Natural scleroderma remedies for the treatment of its symptoms and dry, hard skin conditions.
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- What is Scleroderma?
- What Causes Scleroderma?
- Diagnosing Scleroderma
- Help for Scleroderma
- More Information on Scleroderma
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What is Scleroderma?
Scleroderma is a rare but chronic condition that is characterized by the hardening of skin and connective tissues – it literally means hard skin. It belongs to a group of arthritic conditions known as connective tissue diseases in which an individual’s antibodies are directed against his or her own tissues. There are two types of scleroderma – localized and systemic scleroderma. Localized scleroderma usually begins with dry patches of skin on the hands or face which progressively becomes thicker and harder.
Systemic scleroderma, on the other hand, affects the blood vessels and internal organs such as the heart, lungs, kidneys, lungs, esophagus and gastrointestinal tract. Scleroderma most commonly occurs in people aged between 30-50 years and affects women more than men. There is no known cure for scleroderma and often this condition leads to depression and low self esteem.
The symptoms and signs of scleroderma include:
- Thickening and hardening of the skin
- Discoloration of the skin
- Numbness, color changes and pain in cheeks, nose, ears, fingers and toes due to abnormal sensitivity to cold (Raynard’s phenomenon)
- Swelling, stiffness or pain in joints, especially in fingers
- Sores over joints
- Shortness of breath and coughing
What Causes Scleroderma?
The exact cause of scleroderma is not known. Scleroderma is a result of the overproduction of collagen in body tissues and researchers believe that the immune system plays a role in the development of this disease. The immune system mistakenly attacks its own cells which causes inflammation and an overproduction of collagen. It is also believed that genetic and environmental factors may also contribute to the development of scleroderma. Industrial and pharmaceutical chemicals such as silica dust, some plastic materials or rapeseed oil have been linked to scleroderma.
Diagnosing scleroderma can be very difficult especially during the early stages because it is often mistaken for other connective tissue diseases such as rheumatoid arthritis or lupus. Your physician will perform a physical examination as well as review your medical history. During the examination, the doctor will check for color changes in your skin, whether there are hardened and thickened areas in the skin and feel for any changes in the joints and tendons. Additional tests which include blood tests, a skin biopsy, chest x-ray, MRI or CT scan may also be performed to determine the diagnosis of scleroderma.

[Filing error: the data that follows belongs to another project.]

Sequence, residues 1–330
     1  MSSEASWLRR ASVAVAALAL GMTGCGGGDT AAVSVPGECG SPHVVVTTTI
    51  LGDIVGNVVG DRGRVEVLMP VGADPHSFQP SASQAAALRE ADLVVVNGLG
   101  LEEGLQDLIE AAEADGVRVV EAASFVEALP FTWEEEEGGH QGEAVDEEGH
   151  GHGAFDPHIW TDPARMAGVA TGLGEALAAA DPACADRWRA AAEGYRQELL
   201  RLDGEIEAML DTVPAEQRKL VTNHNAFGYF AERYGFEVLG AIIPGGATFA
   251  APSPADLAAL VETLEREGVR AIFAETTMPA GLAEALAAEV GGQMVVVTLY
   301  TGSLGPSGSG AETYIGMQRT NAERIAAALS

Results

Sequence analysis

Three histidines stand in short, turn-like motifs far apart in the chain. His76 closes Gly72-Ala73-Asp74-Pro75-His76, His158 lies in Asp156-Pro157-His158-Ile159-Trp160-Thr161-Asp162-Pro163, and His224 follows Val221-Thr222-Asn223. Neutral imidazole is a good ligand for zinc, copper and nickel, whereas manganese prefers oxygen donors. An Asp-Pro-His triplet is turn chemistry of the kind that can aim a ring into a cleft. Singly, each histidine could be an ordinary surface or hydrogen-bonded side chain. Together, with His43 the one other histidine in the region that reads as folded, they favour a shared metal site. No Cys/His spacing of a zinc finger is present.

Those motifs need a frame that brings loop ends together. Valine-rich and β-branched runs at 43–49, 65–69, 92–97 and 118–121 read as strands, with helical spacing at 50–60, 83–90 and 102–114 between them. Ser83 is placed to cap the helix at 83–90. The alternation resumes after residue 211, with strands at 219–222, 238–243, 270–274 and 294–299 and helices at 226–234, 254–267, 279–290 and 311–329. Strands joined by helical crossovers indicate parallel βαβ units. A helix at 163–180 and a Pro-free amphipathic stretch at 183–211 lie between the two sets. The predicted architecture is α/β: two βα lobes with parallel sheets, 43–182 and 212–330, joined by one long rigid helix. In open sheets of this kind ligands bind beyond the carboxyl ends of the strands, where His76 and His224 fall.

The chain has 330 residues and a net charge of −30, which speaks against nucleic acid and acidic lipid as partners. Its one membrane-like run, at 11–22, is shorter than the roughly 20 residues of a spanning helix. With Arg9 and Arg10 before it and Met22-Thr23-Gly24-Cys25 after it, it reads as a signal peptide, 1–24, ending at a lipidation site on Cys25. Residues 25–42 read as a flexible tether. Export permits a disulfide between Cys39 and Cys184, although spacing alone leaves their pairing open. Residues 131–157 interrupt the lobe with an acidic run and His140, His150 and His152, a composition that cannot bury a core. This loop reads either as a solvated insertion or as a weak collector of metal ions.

Help for Scleroderma
While there is no cure for scleroderma, a variety of treatment options can ease the symptoms of this condition. Individuals have to avoid developing infections and it is most likely that doctors will therefore administer an annual flu and pneumococcal vaccine. Topical medications such as moisturizers or corticosteroids are used to treat localized scleroderma.
If localized scleroderma progresses to a large area of the body such as an arm or leg, oral medications may also be prescribed. Various medications such as antibiotics, anti-inflammatories, calcium-channel blockers, immunosuppressants or ACE inhibitors are used to treat the symptoms of systemic scleroderma – improve circulation, control high blood pressure, reduce swelling and inflammation, promote digestive function and prevent kidney damage.
If symptoms become severe, surgery may be required to repair intestinal wall or stomach damage. Sometimes, infected fingers or toes may have to be amputated and in rare cases a kidney, heart or lung transplantation may be performed.
Alternative treatment options such as biofeedback and acupuncture are effective in easing the symptoms of scleroderma and releasing stress and anxiety. In addition, certain lifestyle changes such as eating smaller, well balanced meals more frequently, exercising regularly, avoiding exposure to cold, stress and smoking can also make a significant difference in an individual’s quality of life
Natural and alternative treatments may also be used in combination with prescription medicine to reduce the symptoms of scleroderma. Herbal and homeopathic remedies have proven to be highly effective in supporting skin health and healthy lymphatic functioning.
Well known herbs such as Galium aperine (Cleavers) and Trifolium pratense (red clover) act as a cleansing tonic, lymphatic cleanser and blood purifier for the skin. Homeopathic ingredients such as Natrium muriaticum, Kalium muriaticum and Kalium sulphate help to maintain a well-hydrated skin and support the natural healing and regenerative processes of the skin.